I've posted two long term charts of the Nikkei and the S&P showing the 3 year cycles in the Nikkei and the four year cycle in the US markets.
In the first chart we see the secular bear in the Japanese market. It started with a 2 1/2 year decline from the late 89 peak to the 92 bottom and an initial loss of over 60%. What followed was a series of right and left translated cycles until the bottom in 03. That's a 13 year bear market. Notice the right translated cycles end very quickly and the left translated ones tend to just grind lower. Also notice the first counter trend rally ended in a right translated cycle and a vicious waterfall decline. The remaining cycles were all left translated and each successive 3 year low ended lower than the preceding one. The current cycle looks to be a left translated cycle or possibly a very shortened right translated cycle. It's also entirely possible the secular bear market in Japan isn't over yet. The slowing US economy has the potential to drag down the rest of the global economies. The action in the Nikkei is becoming rather ominous.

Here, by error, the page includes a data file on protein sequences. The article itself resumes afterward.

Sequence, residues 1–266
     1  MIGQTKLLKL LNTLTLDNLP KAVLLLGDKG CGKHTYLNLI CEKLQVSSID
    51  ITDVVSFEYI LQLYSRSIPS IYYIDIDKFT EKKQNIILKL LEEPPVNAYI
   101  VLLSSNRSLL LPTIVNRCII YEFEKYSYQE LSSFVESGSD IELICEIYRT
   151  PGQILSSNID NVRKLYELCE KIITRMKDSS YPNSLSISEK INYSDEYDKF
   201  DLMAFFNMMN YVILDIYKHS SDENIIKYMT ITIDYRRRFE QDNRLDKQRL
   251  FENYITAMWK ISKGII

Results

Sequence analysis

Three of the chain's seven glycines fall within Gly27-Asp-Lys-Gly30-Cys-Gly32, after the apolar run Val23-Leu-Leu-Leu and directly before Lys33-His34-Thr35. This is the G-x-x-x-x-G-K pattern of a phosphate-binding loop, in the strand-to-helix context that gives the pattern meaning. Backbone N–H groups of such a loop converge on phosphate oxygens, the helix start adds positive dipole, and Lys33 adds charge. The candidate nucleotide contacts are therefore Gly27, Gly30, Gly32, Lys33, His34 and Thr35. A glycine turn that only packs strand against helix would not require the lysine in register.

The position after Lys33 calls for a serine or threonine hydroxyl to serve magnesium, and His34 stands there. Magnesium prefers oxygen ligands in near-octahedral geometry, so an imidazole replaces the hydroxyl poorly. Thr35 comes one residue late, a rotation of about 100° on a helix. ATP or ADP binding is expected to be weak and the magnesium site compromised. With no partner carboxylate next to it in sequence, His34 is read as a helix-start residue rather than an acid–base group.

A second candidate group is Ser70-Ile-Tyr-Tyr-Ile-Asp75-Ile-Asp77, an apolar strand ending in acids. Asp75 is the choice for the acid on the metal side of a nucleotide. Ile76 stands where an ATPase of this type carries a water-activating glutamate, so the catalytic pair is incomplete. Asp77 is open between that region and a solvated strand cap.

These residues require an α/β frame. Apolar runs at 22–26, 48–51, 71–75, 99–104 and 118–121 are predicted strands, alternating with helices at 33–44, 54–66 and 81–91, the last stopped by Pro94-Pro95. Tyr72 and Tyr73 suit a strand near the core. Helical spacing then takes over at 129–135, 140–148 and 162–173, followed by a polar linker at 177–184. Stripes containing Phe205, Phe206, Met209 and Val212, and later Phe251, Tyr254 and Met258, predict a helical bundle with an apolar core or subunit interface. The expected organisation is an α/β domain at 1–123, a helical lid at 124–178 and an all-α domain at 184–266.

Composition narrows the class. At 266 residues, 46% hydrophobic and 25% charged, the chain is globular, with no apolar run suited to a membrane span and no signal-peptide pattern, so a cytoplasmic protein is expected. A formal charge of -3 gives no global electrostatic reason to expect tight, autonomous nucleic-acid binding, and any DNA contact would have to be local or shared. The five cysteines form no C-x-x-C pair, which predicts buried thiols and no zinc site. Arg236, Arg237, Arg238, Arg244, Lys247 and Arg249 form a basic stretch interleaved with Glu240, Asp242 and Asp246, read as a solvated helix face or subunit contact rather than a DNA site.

Now let's look at the US market. Here we see the same series of cycles only the US cycle is a 4 year cycle. We also see that right translated cycles have ended in violent moves downward even in a secular bull market. We see the cycle that topped in 2000 was a left translated cycle that ended the great secular bull market that started in 74. The normal 2- 2 1/2 year decline that followed is typical for first legs down in secular bear markets. During this decline the S&P lost almost 50% of it's value. We now have the third longest 4 year cycle in history. This cycle is now coming to an end and it's doing it in the overall context of a secular bear market. It's probably discounting a recession. Maybe even one that's already started. By the action in the Nikkei and China it may very well be discounting a global recession. This has the potential to be a very wicked bear move if it ends like other right translated cycles have ended and if it is in fact discounting a global recession.